Why is Rust loved? 5 developers, 5 stories

Director of Open Source
Why is Rust loved? 5 developers, 5 stories
In June 2020 Rust was voted Stack Overflow's Most Loved language for the 5th (!!!) year running. Stack Overflow is a leading resource for developers and its yearly developer survey the primary source for developers' preferences.

For us, this 5th title was the trigger to share why we love Rust; in the form of 5 personal stories.

The meaning of love

But, first things first. Let's start by clearing up what "most loved language" means. A common misconception, it does not mean "loved by most" or "most popular". That is an entirely different category. StackOverflow defines "most loved" as follows;

% of developers who are developing with the language or technology and have expressed interest in continuing to develop with it

Now, one can argue (deeply) about the correct definition of love, but this one seems reasonable when you think about it. If you like something you want to stick with it. Considering also that Rust is leading by a mile and has done so for 5 years, it is safe to say that indeed something lovely is going on here.

More Rust!

At this point, you might wonder why we are so intent on sharing. Simply put, we’d like to do more work with Rust.

Looking back, our love has evolved over the course of these last five years. Starting with personal projects, gradually growing from internal tools to commercial projects, first for web, and recently our first embedded gig. Along the way, our conviction that Rust is the right tool for quite a few jobs has only grown stronger. We'd like to see Rust grow further, become more popular, and be adopted by a growing number of tech companies [2].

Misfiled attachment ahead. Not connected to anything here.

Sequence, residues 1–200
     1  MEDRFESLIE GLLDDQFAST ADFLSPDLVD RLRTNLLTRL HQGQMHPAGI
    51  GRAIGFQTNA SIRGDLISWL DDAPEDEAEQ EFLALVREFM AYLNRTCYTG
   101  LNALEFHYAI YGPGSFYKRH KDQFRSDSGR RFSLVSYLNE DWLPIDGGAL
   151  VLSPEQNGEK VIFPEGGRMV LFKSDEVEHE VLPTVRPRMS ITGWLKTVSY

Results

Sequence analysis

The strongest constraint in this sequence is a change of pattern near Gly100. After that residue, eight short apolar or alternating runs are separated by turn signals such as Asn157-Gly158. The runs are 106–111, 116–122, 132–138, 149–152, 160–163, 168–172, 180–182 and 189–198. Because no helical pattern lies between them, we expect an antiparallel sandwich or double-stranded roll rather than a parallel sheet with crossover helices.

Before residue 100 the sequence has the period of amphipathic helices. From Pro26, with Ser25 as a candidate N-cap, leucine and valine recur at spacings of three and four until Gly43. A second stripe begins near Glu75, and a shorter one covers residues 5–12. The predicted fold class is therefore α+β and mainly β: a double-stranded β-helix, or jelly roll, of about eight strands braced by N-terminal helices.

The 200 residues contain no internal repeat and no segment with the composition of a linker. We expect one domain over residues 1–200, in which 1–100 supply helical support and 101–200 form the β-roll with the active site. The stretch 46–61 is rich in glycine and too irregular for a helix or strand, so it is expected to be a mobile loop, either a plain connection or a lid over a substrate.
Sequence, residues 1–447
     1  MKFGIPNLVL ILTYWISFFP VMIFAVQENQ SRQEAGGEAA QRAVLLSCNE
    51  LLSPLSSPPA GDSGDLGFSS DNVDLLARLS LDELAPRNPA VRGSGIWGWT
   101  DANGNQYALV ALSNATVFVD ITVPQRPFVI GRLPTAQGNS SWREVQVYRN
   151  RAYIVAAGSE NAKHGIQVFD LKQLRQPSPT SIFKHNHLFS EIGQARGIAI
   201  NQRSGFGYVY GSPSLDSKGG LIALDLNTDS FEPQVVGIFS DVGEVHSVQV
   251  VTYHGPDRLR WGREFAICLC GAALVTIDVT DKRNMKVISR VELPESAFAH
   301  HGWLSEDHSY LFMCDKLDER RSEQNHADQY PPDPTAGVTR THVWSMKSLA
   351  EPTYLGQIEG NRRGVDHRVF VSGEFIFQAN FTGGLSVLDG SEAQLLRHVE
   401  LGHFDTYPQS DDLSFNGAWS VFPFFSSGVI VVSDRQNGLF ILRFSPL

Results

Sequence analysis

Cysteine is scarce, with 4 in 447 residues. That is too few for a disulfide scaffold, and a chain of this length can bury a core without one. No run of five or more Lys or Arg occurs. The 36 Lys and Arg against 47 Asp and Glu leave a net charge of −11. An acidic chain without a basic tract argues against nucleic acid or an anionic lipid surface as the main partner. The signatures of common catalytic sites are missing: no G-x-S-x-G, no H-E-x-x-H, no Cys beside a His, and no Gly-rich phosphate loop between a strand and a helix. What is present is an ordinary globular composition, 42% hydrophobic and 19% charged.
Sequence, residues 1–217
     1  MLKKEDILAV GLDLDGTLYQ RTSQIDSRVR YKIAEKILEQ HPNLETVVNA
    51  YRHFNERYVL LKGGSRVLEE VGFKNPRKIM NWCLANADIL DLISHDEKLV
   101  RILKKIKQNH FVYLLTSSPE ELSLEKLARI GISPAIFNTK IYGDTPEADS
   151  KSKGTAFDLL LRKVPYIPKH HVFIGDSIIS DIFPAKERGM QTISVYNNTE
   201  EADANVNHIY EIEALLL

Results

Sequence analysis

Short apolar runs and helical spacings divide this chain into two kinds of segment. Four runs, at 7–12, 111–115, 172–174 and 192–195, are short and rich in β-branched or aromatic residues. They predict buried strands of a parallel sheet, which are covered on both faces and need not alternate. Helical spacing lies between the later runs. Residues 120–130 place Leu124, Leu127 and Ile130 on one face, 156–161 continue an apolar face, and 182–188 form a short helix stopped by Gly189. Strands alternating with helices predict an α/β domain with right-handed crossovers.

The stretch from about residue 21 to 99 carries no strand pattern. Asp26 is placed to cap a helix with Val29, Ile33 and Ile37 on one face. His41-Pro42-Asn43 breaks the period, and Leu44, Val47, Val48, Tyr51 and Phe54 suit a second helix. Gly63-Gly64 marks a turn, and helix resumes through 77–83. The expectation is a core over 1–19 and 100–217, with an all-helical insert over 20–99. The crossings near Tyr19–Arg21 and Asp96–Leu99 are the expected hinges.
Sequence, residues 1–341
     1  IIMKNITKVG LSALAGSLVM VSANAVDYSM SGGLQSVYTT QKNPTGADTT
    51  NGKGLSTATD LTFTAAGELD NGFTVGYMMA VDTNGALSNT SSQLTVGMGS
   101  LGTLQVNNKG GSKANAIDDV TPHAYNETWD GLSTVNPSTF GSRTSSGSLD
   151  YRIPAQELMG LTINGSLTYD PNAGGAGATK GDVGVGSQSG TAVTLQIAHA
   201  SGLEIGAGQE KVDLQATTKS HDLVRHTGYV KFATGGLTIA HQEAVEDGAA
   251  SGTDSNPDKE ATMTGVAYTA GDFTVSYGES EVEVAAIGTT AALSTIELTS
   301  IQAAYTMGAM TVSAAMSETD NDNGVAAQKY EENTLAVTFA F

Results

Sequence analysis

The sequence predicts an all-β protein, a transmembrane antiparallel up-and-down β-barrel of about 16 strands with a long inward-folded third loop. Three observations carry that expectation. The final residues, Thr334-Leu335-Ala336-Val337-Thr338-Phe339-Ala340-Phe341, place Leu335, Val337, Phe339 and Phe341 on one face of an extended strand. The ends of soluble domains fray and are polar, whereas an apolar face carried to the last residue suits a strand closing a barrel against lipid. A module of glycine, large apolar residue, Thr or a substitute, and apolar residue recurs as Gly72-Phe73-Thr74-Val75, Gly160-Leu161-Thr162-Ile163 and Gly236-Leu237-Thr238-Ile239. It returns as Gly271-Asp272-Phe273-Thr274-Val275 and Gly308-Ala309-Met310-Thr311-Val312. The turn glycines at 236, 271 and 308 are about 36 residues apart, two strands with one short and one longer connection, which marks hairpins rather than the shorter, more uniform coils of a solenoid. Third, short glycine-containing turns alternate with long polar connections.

5 developers, 5 stories

So here we are. We'd like to tell you why we love Rust from our personal experience in a 5 part series: 5 years of love, 5 developers, 5 stories.

In the coming weeks, we’ll add a new story on day 5 of each week (that is, 1-indexed weekdays starting on Monday). Lars, Marlon, Wouter, Henk Dieter, and Ruben will tell you why they love Rust.

First up is Henk Dieter, Rust, my first embedded language.

The series

July 24th: Henk Dieter - Rust, my first embedded language
July 31st: Ruben - Rust Wide Web
August 7th: Marlon - A racing bike with training wheels
August 14th: Lars - Functional Rust?
August 21st: Wouter - Rust will be the Constant in your Life


  • [1] this years survey and previous ones are here: 2020, 2019, 2018, 2017, 2016
  • [2] Not just Mozilla: a long list of major companies including Sentry, Google, Cloudflare and recently Discord and Microsoft argue for the use of Rust
  • Developers talking about why they love Rust in an in-depth article on StackOverflow

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A while ago, in 2020, I wrote a blog post similar to this one. Sure, it has a bit of a clickbait-y title, but it couldn't be more accurate. At the time I was full of amazement about the way Rust tackles embedded software development. I forsaw great things for Rust's future, even though Rust and its ecosystem were yet not quite mature. We're 3 years further down the road right now, which is like 300 Rust years as Rust is progressing fast. About time for an update!
NLR, Royal Netherlands Aerospace Centre, invited embedded lead Dion to explain the benefits of programming in Rust to the company.
In 2009 Rust was a new language. In 2022 that isn't true anymore. Nor does Rust have anything to prove. It's made it to the Linux Kernel, and Microsoft have dubbed it "the Industry’s Best Chance at Safe Systems Programming".